Japan Airlines System (JAL) and Boeing have signed a deal to install Connexion by Boeing in-flight internet system into some JAL aircraft from next year.
The deal with JAL, one of Japan's two major airlines and the first Asian carrier to make a firm deal to install the system, should see the service become available on routes between Japan and London from December 2004. After that the service is expected to be expanded to other routes between Japan and Europe and Japan and the Americas.
The Connexion by Boeing service provides passengers a broadband internet connection via satellite. Users can connect using their own notebook computers or PDAs via either Ethernet ports in seats or a wireless Lan on the aircraft.
Transmission speeds of the service vary with conditions but can be as fast as 20Mbps, said Scott Carson, president of Connexion by Boeing.
At least one-quarter of the bandwidth (5Mbps) is given over to passenger data needs with another quarter devoted to carriage of television broadcasts, a quarter for airline use and the final quarter as a buffer to provide extra bandwidth to the other applications when needed, he said. The upstream channel off the aircraft is 1Mbps.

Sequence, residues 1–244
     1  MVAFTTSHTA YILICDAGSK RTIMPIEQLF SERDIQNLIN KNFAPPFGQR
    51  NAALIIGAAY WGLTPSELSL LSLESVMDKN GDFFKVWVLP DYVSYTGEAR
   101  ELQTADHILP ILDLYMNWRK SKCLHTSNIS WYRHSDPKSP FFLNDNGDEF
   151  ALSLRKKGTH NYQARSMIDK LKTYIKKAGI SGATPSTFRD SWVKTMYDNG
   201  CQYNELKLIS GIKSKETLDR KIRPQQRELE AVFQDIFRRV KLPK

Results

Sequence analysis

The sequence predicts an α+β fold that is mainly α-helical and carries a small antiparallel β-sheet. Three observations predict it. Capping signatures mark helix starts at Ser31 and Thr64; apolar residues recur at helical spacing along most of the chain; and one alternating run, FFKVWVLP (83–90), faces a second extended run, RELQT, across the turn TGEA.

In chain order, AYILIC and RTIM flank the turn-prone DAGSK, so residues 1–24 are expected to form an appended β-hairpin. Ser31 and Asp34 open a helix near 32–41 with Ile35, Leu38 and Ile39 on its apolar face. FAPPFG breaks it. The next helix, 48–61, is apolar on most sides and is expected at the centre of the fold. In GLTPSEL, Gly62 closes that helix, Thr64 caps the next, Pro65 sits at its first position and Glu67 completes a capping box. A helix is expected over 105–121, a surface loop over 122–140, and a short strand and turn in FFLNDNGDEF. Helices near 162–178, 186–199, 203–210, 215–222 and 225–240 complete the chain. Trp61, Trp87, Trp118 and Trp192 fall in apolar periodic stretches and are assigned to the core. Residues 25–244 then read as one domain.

"Connexion by Boeing gives [passengers] a lot of choice about how they spend that time [on board], whether it be listening to music, surfing the internet, communicating through instant message or e-mail or, if they are part of a corporate structure, going through the firewall and accessing their network," he said.
The system puts no restrictions on applications that can be run - it is a selling point of the service that users can run the same applications they normally do from their desk or home - although there is the ability to shut off or restrict users if they become "bandwidth hogs", Carson said.
Carson said he expected the service to cost between $15 and $17 for a three-to five-hour flight and between $25 and $30 on a long-haul flight for more than seven hours of access.
The company will also court corporate account customers, although it admits that it needs to become more widely available before many will sign on. For the service to be profitable the company needs business travelers, many of whom carry notebook computers, to log on while in the air.
"Our model says what we would like to see at maturity is 20% of the cabin using it, so on a Boeing 747 that's 60 to 70 people," said Carson.
"In our demonstrations, up to 120 people were using it, so the numbers look promising early on," he added, referring to trial runs earlier this year by British Airways and Lufthansa.
Carson said the company is also looking at the corporate jet market and reached an agreement last month under which Rockwell Collins will install and manage Connexion by Boeing systems on business jets.
Secondary markets such as maritime are also being eyed by the company as it begins to roll out commercial service and look for users to populate the system.
Carson said system trials had shown wireless Lan use on board the aircraft posed no problems to aircraft systems and that it is absolutely safe to use in flight.
Martyn Williams writes for IDG News Service